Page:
## Create a List

Rename this List

### List Name

Delete from selected List
Save to
October 23, 2018

# A Spectacular Spider Study Unit for Kindergarten: Learn About Our Eight-Legged Friends

Key Takeaways

• Reinforce important math, language arts, listening and developmental skills with one easy-to-do lesson.
• Use counting paths to help young children develop a sense of one-to-one correspondence.
• Teach students how to follow a multi-step process using a fun color coded edible project.

Do you ever know right away that a lesson is a home run? I love that. It’s exactly what happened when I taught my kindergarteners about spiders using an October issue of Scholastic’s Let’s Find Out magazine. This lesson has three parts: Story Starters, Counting Paths and Edible Art.

### Part 1. Story Starters

For early learners, understanding that a story has a sequential beginning, middle and end is a concept that we work on most of the year. For this lesson, I passed out the magazine, and before we started reading, I told a story about walking into a spider web at home. Then I asked the class these questions:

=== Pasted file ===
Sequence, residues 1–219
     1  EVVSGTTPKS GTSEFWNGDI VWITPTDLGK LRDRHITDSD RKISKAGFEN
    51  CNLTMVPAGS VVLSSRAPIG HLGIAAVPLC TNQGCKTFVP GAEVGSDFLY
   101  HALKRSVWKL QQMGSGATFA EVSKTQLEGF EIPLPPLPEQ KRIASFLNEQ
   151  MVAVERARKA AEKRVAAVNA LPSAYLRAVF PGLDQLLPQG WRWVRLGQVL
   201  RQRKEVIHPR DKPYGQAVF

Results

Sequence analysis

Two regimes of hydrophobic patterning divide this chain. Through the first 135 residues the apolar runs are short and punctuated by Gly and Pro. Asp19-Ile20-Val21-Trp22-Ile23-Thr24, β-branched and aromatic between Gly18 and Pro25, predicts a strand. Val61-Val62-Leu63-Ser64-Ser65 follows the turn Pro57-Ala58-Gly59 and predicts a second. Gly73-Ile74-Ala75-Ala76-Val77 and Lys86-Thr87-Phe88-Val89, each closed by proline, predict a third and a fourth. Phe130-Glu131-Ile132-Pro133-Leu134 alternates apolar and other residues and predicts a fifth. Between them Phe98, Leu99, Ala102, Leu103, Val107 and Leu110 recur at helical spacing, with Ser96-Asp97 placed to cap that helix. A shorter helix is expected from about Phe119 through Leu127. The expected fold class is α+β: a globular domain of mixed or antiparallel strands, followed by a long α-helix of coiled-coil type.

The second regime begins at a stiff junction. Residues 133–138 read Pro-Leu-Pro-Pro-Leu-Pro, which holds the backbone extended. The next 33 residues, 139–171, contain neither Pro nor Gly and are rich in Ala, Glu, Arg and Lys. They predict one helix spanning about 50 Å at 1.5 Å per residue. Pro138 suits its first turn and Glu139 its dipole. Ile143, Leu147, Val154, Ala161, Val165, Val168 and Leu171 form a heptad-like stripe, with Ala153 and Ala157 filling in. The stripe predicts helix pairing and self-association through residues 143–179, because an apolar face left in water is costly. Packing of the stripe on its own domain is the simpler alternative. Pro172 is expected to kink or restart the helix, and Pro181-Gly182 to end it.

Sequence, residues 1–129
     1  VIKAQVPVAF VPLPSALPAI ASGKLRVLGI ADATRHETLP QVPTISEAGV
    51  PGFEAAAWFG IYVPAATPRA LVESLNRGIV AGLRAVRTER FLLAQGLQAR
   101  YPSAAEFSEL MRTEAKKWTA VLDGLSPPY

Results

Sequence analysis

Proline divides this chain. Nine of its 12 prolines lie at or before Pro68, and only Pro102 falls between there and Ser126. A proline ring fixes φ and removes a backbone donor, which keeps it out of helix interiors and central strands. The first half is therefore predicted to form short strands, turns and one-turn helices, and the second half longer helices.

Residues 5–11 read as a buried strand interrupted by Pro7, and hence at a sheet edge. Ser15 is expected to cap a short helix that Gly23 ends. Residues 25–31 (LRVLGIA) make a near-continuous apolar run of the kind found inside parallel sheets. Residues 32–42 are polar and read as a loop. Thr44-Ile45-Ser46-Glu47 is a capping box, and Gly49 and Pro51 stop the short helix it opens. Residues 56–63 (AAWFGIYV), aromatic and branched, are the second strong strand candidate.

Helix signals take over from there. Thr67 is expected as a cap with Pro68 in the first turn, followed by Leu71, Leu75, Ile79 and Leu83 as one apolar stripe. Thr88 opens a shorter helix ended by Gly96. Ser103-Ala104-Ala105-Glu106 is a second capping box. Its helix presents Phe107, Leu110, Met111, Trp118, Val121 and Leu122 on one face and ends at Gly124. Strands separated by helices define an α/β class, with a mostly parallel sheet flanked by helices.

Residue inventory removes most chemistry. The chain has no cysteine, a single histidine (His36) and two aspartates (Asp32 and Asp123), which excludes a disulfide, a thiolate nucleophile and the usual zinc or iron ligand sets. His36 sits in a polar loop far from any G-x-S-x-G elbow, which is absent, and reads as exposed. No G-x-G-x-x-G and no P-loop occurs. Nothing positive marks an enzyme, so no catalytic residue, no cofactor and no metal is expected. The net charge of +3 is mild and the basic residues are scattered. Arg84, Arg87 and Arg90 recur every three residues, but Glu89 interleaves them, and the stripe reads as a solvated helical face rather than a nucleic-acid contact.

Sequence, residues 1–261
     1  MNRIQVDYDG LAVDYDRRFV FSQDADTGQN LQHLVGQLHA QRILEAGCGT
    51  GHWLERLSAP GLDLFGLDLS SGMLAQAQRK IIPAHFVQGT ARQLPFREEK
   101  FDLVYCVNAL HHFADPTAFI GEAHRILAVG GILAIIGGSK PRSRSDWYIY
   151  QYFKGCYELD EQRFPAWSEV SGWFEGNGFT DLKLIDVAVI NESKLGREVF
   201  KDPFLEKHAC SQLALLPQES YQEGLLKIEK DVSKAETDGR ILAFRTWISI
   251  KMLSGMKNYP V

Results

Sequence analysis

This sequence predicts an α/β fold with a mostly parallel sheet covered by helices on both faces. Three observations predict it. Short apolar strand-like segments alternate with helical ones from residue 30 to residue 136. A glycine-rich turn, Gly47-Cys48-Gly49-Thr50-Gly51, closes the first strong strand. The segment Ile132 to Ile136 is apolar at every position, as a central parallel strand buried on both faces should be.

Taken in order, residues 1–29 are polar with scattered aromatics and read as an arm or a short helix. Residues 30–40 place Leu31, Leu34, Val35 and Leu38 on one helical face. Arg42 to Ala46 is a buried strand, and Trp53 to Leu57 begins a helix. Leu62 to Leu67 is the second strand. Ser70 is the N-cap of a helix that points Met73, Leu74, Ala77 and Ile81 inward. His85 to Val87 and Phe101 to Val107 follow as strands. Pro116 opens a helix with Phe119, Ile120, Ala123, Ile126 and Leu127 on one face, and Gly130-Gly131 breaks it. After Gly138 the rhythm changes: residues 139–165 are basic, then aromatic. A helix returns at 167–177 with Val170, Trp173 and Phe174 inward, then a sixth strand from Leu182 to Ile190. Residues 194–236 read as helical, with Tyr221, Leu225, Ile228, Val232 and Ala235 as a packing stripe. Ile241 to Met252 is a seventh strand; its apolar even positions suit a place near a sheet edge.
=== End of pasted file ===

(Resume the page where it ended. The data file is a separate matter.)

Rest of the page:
• What happened at the beginning of my story?
• What happened in the middle?
• What happened in the end?

My kindergarteners raised their hands, eager to tell their own spider stories. To speed up the sharing process, I didn’t pause to review the beginning, middle and end of each story. Instead, I gave positive feedback about one of these sections — for example, “I really liked the end of your story, where you let the spider go outside,” or, “My favorite part of your story was the beginning, when you told me that your story happened in the kitchen.”

### Part 2. Counting Paths

After we shared our spider stories, we moved on to reading Let’s Find Out together. I attached the BIG Issue of the magazine to the whiteboard with magnets. After we read the sequenced text in the four boxes on the center spread, the students were excited to practice a new skill they had just learned: using a counting path.

Because kindergarteners can have difficulty using a number line to count, I’ve been teaching them how to use counting paths. Students can count a series of objects and know when they’ve counted every object in a group. This is how we did it:

• We looked at the “Is It a Spider?” section.
• I read the instructions that said spiders have 8 legs.